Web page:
Women Leadership in Africa


Management research within Africa remains limited (Acquaah, Zoogah, & Kwesiga, 2013; George, 2015; Zoogah, 2008). Little knowledge exists to help Africans navigate gender inequality (George et al., 2016b; Joshi et al., 2015), and political, economic, and environmental turbulence (George et al., 2016b). According to the report of the United Nations Development Programme (UNDP), European nations have the lowest Gender Inequality Index (GII), while countries in Asia and Africa have the highest GII, the most recent GII of Ethiopia was 50.2% (UNDP, 2019). It is widely corroborated that high levels of gender inequality inhibit the effect of economic growth on poverty reduction (Unesco, 2016). Specifically, the paucity of women occupying major institutional leadership positions is stated as both a cause and a result of gender inequality in Ethiopia (Magnus, Tushune & Haileamlak, 2016). We identify female leadership as key to improving the challenges.

Our study of female leadership is built upon justice theory (distributive, procedural, informational and interactional justice, Greenberg, 1990; Colquitt, 2012) in the African management context. We aim to explore the following streams:

  1. Entering/beginning the role 
  2. Delivering work as leaders
  3. The need to protect themselves and the organisation from adversity. 

We will carry out this work through the following steps.

Step 1: Literature Review and Preparation for Meta-analysis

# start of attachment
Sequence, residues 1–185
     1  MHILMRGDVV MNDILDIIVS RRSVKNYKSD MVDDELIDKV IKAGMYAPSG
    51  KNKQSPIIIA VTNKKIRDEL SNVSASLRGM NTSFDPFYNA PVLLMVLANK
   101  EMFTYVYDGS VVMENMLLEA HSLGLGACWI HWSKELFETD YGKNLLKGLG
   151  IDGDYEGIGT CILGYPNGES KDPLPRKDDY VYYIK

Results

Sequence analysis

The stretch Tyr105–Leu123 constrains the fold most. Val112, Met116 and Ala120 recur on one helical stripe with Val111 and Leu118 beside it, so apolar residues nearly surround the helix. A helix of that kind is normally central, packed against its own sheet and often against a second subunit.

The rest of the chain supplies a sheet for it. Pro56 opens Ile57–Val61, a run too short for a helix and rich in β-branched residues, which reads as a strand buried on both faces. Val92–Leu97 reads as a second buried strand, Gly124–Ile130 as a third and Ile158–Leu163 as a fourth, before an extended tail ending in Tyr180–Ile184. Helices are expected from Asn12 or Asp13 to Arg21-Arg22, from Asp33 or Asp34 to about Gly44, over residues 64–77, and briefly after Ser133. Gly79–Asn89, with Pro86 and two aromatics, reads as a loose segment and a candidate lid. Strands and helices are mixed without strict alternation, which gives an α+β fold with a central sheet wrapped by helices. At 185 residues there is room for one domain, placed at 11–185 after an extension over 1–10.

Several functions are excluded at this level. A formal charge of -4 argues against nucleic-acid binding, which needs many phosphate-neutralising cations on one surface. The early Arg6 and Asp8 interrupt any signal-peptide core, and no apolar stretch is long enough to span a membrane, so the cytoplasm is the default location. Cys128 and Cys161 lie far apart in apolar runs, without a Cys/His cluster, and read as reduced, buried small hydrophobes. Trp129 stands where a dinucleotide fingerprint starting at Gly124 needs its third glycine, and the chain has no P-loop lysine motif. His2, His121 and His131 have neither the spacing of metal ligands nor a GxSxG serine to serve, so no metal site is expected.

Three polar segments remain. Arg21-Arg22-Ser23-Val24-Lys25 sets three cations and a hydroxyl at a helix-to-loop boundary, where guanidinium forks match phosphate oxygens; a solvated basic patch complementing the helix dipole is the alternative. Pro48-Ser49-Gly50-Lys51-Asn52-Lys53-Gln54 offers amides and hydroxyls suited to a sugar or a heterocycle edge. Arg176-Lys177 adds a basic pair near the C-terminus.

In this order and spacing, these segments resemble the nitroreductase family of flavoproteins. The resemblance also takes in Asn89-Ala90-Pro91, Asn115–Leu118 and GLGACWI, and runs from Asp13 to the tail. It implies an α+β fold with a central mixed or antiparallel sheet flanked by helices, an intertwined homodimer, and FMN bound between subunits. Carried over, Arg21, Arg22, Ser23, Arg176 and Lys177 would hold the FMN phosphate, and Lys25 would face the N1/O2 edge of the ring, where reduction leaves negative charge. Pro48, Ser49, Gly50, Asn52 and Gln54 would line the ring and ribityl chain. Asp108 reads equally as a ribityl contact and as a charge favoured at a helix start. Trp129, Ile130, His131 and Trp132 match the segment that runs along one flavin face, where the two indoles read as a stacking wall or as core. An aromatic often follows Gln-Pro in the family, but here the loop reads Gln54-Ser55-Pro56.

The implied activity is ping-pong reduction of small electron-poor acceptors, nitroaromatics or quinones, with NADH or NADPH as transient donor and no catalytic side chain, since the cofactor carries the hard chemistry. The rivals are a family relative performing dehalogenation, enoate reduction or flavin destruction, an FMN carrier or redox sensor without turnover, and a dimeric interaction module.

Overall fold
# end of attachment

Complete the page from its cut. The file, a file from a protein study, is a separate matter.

Women leadership research remains in fragmented streams with a wide range of disciplinary, theoretical and methodological perspectives, inhibiting scholars from capturing a holistic picture of leadership effectiveness. We aim to address this through conducting a meta-analytic review of the outcomes and enabling and inhibiting factors of leadership, ensuring a focus on female leaders. We would also build on existing literature of women leadership in Africa and try to link literature in education and psychology regarding leadership development (in families and in schools) and literature in workplace.

Step 2: Macro and Micro perspectives

We will conduct interviews and observations, in which we will glean the relevance of both macro and micro factors to female leadership effectiveness, enabling us to tackle the following:

  1. How do institutional, economic, political, and legal structures positively and negatively influence: (1) the routes of female leaders into leadership positions in Africa, (2) the effectiveness of their work as a leader, and (3) their leadership behaviours and abilities (such as strategic thinking, resilience and social networking skills) to protect themselves and the organisation from turbulence?
  1. How do current and desired identities (including social identities) influence women leaders? This is important because the role of social identities of women leaders is not salient and should be more impactful for the society (Carrim & Nkomo, 2016, Lumby & Azaola, 2014).
  1. It is likely that a simultaneous combination of leadership styles could prove most effective (Zhang et al., 2019). Conducting these preliminary qualitative analyses will help us identify factors which influence both a leader’s ability to use this combined leadership (‘paradoxical approach’), and explore the linkage between paradoxical mindset and resilience of women leaders (Zheng et al., 2018). This configurational approach of joint effects of multiple leadership behaviours is particularly important in Africa due to cultural context (Waldman et al., 2019).
  1. Baker and Kelan (2019) shows how females themselves can reinforce the gender divide. Our research project looks at how such factors can have adverse consequences whereby they further reinforce the gender divide. Whilst collecting the qualitative data, we also aim to explore the dark side of factors which female leaders may use to help them enter and sustain their leadership positions.